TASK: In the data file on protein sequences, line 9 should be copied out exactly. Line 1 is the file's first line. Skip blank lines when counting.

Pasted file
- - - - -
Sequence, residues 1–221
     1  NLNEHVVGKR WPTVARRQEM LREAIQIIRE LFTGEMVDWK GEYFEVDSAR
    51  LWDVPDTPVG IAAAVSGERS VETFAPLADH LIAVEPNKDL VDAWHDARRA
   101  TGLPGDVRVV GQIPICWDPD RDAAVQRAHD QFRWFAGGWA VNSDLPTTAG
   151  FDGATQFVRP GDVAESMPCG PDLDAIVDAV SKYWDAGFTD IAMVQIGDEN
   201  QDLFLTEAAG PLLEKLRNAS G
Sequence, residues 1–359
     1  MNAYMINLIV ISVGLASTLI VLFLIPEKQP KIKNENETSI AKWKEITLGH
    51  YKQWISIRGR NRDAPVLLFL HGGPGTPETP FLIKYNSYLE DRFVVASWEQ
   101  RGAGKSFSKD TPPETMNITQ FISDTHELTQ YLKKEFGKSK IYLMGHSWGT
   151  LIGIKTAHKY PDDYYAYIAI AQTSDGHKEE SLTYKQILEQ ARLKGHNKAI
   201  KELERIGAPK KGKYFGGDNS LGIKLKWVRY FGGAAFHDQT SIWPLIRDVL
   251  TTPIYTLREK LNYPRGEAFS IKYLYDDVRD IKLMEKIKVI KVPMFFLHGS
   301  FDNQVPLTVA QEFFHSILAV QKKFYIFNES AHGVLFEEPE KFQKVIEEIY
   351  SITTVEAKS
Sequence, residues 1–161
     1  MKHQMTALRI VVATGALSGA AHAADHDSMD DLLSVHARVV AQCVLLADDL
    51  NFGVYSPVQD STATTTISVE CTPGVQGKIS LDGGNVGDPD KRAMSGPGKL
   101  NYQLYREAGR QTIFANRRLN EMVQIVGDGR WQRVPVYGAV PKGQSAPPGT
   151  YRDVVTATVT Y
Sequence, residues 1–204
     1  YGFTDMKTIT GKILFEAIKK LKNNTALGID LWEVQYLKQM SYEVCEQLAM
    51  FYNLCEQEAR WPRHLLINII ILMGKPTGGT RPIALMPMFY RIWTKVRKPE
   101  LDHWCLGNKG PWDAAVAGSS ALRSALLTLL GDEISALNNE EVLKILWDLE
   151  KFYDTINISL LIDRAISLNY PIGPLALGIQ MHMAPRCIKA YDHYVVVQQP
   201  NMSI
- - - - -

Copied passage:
    51  YKQWISIRGR NRDAPVLLFL HGGPGTPETP FLIKYNSYLE DRFVVASWEQ